05 February 2019

On Preemptive Outrage

by Jeremiah Johnson



t will come as a surprise to some to learn that the Dallas Statement on Social Justice and the Gospel contains no ultimatums. There are no threats about repercussions to follow for those who don't fall in line with its affirmations and denials. Not one use of the menacing phrase, "or else."

And yet, if you give ear to the persistent bleating of some overwrought discernment bloggers and evangelical gadflies, you might think the drafters of the Dallas Statement are guilty of making empty threats. That their collective bluff has been called, that they caved to compromise, and that they betrayed their fellow signatories, if not the very gospel itself.

Hogwash.

To refer to such foolishness as mere jumping to conclusions severely underplays its recklessness. We'd almost need to invent an entirely new sport just to adequately illustrate the perilous logical leap involved—one that includes a trampoline, a pole vault, roller skates, and a blindfold.

What triggered this chorus of complainers and their misguided manifestos? Of all things, it was the announcements of the guest speakers at last month's G3 Conference and the upcoming Shepherds' Conference. Both events feature speakers who, to varying degrees, have personally promoted the popular doctrines of the social justice movement in the church (or have expressly supported those who do).

The response from some corners of the church has been the sadly predictable rush to judgment—to disavow the conferences and decry the supposed failures of their respective figureheads, Josh Buice and John MacArthur.

I don't know Buice personally, but I had the privilege of attending the G3 conference, and can vouch for the fact that the conference theme—missions—remained unadulterated and unambiguous throughout, regardless of who took the stage. Not only was there an absence of crosstalk regarding social justice, Buice and the organizers hosted a pre-conference that put specific emphasis on defending the Dallas Statement on Social Justice and the Gospel. We heard from many of the original drafters—Voddie Baucham's message was particularly strong in its denial of social justice rhetoric. Neither G3 or the pre-conference were home to capitulation or sissified speech regarding the threat presented by the social justice movement. Put simply, it did not live up to the hype about all the confusion it might have caused.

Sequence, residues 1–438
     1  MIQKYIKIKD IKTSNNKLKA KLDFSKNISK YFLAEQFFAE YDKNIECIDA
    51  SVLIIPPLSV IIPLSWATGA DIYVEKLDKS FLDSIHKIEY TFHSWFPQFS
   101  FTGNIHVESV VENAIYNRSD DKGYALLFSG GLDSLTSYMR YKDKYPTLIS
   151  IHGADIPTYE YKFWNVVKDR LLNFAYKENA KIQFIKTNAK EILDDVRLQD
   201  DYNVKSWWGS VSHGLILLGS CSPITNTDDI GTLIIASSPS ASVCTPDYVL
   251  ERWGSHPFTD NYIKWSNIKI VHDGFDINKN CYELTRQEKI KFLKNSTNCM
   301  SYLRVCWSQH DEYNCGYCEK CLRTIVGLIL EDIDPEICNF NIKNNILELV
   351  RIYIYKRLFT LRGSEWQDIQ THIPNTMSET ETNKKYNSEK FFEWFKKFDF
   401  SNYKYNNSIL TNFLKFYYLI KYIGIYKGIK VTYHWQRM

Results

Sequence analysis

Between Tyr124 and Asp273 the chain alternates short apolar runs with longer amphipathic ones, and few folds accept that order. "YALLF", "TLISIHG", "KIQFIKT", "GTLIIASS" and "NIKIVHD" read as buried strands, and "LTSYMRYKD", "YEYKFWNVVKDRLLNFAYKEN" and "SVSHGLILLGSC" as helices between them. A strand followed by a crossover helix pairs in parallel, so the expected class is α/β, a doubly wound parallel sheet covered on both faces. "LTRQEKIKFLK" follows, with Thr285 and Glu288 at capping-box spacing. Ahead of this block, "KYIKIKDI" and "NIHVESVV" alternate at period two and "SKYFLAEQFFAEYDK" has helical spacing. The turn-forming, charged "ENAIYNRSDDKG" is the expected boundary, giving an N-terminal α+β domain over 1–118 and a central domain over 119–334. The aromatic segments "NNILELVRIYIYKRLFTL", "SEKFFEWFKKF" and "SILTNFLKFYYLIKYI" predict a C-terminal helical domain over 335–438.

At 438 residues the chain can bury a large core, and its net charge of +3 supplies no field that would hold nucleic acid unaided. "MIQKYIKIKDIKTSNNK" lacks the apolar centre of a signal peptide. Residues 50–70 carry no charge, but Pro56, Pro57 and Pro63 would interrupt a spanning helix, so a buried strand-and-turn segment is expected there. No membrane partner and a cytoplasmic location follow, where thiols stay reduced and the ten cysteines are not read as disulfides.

On that point, a brief aside: I believe the single greatest cause of concern and confusion on this issue of who is speaking where is the constant barrage of handwringing articles about their potential to cause confusion. It should go without saying that when your calls for discernment are actively fomenting confusion, you're doing it wrong.



Never mind that the Dallas Statement wasn't about delivering an anathema, or even a prelude to one. The point wasn't merely to delineate new dividing lines—give the drafters more credit than that. Yes, it was a rebuke, but a loving, brotherly one, with an eye toward restoration. That sense is largely absent from the way believers today mark out and discuss their differences. God's people shouldn't be so eager to write off and dismiss one another. At the very least, we ought to be able to talk with and about one another in a way that evidences a sharp contrast to current social discourse, bringing salt and light into a world in desperate need of both.